Tuesday June 25, 2019

40% of Women with Asthma Have a Risk of Developing Chronic Lung Diseases

Previous studies have found an alarming rise in ACOS in women in recent years and that the mortality rate from ACOS was higher in women than men.

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Obesity, Asthma
They found that 10.2 per cent of people with asthma at the start of the study had become obese ten years on Flickr Commons

More than 4 in 10 individuals with asthma run the risk of developing chronic obstructive pulmonary disease (COPD), a group of lung diseases that block airflow and make it harder to breathe, says a new study involving around 4,000 women.

The researchers examined risk factors for developing asthma and COPD overlap syndrome, known as ACOS.

The findings, published in the journal Annals of the American Thoracic Society, showed that individual risk factors played a more significant role in the development of ACOS than exposure to fine particulate matter, a major air pollutant that because of its microscopic size penetrates deep into the lungs.

Women who had smoked more than the equivalent of a pack of cigarettes a day for five years, were much more likely to develop ACOS than those who smoked fewer cigarettes or never smoked.

However, ACOS did not affect only those who smoke as the researchers found that 38 per cent of the women who developed ACOS in the study had never smoked.

Lady With An Asthma Inhaler
The study also identified obesity, rural as significant risk factors for ACOS. VOA

The study also identified obesity, rural residence, lower education levels and unemployment as significant risk factors for ACOS.

The authors believe that these factors may result in suboptimal access to care, under-treatment of asthma and poor compliance to medications, all of which lead to more frequent asthma attacks.

These attacks in turn may lead to airway remodelling that increases the chances of developing ACOS.

Also Read: Lung Function Decline in Elderly Can be Delayed by Consuming Flavonoid

“Previous studies have found an alarming rise in ACOS in women in recent years and that the mortality rate from ACOS was higher in women than men,” said Teresa To, Professor atUniversity of Toronto in Canada.

“We urgently need to identify and quantify risk factors associated with ACOS in women to improve their health and save lives,” To added. (IANS)

Next Story

High Costs Preventing People to Take Vital Asthma Medication

The results were published in the journal JACI : In Practice

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Out-of-pocket costs are preventing many people from taking vital asthma medication, says a new study, calling for urgent interventions to promote discussions between patients and doctors about the cost of medicines to treat asthma.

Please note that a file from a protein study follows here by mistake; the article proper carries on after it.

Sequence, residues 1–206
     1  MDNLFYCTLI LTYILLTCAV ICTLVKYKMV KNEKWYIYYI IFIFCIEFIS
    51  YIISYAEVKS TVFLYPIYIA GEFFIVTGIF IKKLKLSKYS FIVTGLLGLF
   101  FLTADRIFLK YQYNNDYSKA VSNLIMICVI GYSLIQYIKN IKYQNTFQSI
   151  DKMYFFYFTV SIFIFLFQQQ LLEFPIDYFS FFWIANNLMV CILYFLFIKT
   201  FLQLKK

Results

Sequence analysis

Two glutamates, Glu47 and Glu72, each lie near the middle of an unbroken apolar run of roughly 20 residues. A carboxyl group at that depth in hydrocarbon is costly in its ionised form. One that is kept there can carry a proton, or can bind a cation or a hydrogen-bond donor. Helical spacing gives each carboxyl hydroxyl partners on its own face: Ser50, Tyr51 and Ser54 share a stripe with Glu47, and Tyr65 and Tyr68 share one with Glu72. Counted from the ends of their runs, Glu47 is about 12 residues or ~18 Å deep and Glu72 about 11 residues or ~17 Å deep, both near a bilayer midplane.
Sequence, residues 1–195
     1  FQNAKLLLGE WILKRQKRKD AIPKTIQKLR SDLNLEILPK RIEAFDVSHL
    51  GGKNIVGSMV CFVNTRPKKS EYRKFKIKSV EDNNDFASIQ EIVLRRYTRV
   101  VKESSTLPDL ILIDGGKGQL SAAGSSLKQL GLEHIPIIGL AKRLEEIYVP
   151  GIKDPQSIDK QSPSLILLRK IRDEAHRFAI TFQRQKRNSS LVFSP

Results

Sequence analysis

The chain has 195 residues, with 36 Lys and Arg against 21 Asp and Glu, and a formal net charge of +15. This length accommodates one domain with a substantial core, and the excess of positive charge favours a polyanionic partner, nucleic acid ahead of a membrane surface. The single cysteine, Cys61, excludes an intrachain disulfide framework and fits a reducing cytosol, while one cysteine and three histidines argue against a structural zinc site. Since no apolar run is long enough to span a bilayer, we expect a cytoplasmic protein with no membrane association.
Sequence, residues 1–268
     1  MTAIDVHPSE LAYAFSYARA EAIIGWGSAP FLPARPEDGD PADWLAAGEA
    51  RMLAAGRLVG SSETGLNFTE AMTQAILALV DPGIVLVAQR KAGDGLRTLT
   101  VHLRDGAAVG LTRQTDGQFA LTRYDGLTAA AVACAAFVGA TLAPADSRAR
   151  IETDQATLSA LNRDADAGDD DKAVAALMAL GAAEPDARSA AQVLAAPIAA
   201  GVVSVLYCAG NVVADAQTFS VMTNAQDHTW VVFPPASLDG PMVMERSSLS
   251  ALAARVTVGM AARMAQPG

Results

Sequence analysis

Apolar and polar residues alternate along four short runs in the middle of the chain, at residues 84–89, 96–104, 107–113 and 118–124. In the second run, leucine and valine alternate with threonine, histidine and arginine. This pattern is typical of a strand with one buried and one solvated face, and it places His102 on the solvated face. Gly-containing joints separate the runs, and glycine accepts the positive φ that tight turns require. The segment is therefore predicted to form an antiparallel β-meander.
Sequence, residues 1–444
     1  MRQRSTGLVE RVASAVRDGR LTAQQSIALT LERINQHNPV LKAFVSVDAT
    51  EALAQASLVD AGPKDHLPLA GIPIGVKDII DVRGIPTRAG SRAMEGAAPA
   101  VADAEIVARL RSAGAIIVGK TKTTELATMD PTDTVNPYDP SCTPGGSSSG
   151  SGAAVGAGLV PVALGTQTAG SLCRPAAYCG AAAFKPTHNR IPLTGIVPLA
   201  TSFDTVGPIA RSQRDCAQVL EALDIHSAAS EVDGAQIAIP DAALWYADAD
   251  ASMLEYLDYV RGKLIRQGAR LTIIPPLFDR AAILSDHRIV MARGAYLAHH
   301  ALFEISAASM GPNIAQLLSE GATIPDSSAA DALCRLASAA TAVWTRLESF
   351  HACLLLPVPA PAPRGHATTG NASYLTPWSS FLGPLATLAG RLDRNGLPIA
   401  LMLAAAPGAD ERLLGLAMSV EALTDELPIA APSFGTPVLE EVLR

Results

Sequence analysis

The most commonly prescribed preventer treatments for asthma contain inhaled corticosteroids (ICS) which, if taken regularly, reduce the severity of the disease and the number of asthma-related deaths, said the researchers.

According to reports, at least one in every 10 asthma patient globally lives in India and the economic costs associated with asthma exceed those of TB and HIV/AIDS combined.

To reach this conclusion, researchers led by The George Institute for Global Health and the Woolcock Institute of Medical Research at UNSW Sydney, surveyed 1,400 people with asthma in Australia and found that half of the adults and one-third of the children in the study were either decreasing or skipping doses of asthma medicines to make them last longer.

“We know that preventer inhalers can be incredibly effective at controlling symptoms and preventing people from being hospitalised or even from dying of asthma, yet our study has found that out-of-pocket costs are preventing many from accessing medicines which can be life-saving,” said senior research fellow Tracey-Lea Laba of The George Institute.

asthama-in-kids
The study provides new insight that could help us predict and manage diseases like asthma – which are a significant public health burden. IANS

The study found that young male adults were the most likely to under-use asthma treatments.

This was compounded by doctors being largely unaware that out-of-pocket costs were a significant concern for many of their patients, or that some preventers had lower out-of-pocket costs for patients than others.

According to fellow study author Professor Helen Reddel of the Woolcock Institute at UNSW Sydney, asthma is a long-term disease and one where people really need to keep the inflammation under control by taking a preventative medicine and not just relying on short-term symptom relief from a blue inhaler.

Also Read- Researchers to Develop Wearable Devices to Help People with Mobility Issues Walk

“We need doctors to talk to their patients to stress that this Band-Aid approach does not work, and can leave them hospitalised or even worse as a result,” said Reddel.

The results were published in the journal JACI : In Practice. (IANS)